Lena Horne knew how to make an entrance. “When I met her, she was wearing a baggy white suit, very stylish but voluminous, and a white cap and big glasses,” James Gavin, author of Stormy Weather: The Life of Lena Horne, tells Closer. “This getup could not begin to conceal the magnificence of Lena Horne. This woman gave off sparks.”
The singer and actress, who died at 92 in 2010, spent her life sparking inspiration around the world. Hailing from a privileged but troubled family, she was both aided and hampered by her beauty and grappled with racism in Hollywood. Along the way, she broke barriers, becoming the first African American to appear on the cover of a movie magazine, winning multiple awards and continuing to perform well into the 1990s.
“Lena gave everyone a sense that they could age beautifully,” Gavin says. “That they could conquer the world, that no problem was too big to somehow solve if you persevered, if you found a kind of strength within yourself to soldier on.”
Lena grew up longing for love. Born in Brooklyn, her father left when she was 3 and she was mostly raised by her grandparents. “I really never had a mother,” said Lena, whose mom, Edna, was gone for long periods. “She went to work as an entertainer with a Black stock company, and … she didn’t allow my father to be with me. I wanted both, and I couldn’t have either.” Harlem’s Cotton Club hired Lena at 16 as a chorus girl, but her beauty only got her so far. “I was not musical at all,” she admitted. “I picked up something from every musician I worked with.”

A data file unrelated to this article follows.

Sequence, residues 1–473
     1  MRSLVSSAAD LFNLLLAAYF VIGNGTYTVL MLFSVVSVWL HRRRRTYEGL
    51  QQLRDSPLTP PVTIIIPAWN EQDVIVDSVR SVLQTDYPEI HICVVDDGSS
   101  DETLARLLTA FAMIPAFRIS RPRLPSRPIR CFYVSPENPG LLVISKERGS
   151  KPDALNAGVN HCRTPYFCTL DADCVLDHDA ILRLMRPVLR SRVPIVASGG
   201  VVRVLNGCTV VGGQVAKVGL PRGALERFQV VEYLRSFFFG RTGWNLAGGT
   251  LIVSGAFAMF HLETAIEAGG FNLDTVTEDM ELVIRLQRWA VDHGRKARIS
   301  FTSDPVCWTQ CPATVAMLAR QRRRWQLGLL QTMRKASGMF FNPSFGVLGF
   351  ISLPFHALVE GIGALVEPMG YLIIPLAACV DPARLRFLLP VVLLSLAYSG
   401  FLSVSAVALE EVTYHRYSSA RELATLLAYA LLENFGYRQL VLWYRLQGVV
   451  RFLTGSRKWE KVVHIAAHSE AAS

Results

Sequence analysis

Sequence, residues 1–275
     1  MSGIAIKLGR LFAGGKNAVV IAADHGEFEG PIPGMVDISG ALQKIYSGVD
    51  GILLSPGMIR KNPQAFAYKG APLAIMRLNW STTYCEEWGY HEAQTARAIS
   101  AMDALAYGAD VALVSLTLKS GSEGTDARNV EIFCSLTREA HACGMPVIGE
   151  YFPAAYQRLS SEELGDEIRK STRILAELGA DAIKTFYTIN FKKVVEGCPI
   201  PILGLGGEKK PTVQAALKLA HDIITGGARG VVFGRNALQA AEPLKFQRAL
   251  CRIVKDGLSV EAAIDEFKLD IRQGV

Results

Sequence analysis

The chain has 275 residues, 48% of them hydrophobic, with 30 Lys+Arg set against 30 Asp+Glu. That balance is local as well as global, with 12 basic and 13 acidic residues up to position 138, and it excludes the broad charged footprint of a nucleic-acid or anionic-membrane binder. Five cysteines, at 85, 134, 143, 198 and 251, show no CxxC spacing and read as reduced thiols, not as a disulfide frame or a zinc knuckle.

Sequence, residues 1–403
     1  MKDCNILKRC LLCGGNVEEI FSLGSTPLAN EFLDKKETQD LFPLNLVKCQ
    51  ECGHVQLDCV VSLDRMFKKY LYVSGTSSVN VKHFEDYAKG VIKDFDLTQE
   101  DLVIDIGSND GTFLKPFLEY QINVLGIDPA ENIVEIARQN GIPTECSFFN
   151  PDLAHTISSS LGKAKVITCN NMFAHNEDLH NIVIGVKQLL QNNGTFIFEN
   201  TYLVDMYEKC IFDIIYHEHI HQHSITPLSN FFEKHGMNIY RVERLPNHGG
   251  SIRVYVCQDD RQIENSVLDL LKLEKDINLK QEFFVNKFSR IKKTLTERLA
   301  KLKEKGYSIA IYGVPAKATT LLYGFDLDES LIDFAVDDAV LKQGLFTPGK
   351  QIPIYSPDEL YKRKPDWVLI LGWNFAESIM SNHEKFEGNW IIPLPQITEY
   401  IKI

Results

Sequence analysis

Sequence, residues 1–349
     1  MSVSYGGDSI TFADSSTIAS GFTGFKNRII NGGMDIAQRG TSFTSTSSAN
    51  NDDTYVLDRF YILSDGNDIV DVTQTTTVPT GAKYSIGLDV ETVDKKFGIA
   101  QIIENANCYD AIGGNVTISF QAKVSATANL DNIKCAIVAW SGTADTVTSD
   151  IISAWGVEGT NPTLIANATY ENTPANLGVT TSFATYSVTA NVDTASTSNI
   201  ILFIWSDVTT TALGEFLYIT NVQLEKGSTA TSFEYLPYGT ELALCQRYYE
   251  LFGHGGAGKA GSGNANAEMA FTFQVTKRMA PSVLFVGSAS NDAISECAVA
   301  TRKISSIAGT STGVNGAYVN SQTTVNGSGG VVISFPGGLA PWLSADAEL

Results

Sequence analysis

She learned tough lessons in love, too. Her first marriage, to Louis Jordan Jones, gave her two children but ended in divorce. She later thought she’d found her soulmate in Billy Strayhorn, a composer and Duke Ellington collaborator, but he was gay. “We would end and start each other’s sentences,” she recalled. “I wanted to marry Billy.”
He became a mentor, and before long, Hollywood called. Lena starred in such films as Cabin in the Sky, an all-Black musical, and Stormy Weather, from which she took her signature song. But racism held her back — because of Jim Crow laws, her scenes were often cut in the South. “No one bothered to put me in a movie where I talked to anybody, where some thread of the story might be broken if I were cut,” she said.
In 1947, she wed MGM music director Lennie Hayton, who was white because, she said, “he could get me into places no Black manager could.” Eventually, her practical marriage also became a love match. During that time, she quit Hollywood, returned to live performing and took up the civil rights cause. “I was always battling the system,” Lena said. “I wouldn’t work for places that kept us out. It was a damn fight … every place I worked.”
She never stopped fighting, and despite the ground she broke, never felt like it was enough. “I was never able to enjoy this damn thing,” she said of fame. “My life has been about surviving. Along the way, I also became an artist. It’s an interesting journey. One in which music became my refuge and then my salvation.”
—Lisa Chambers, with reporting by Fortune Benatar
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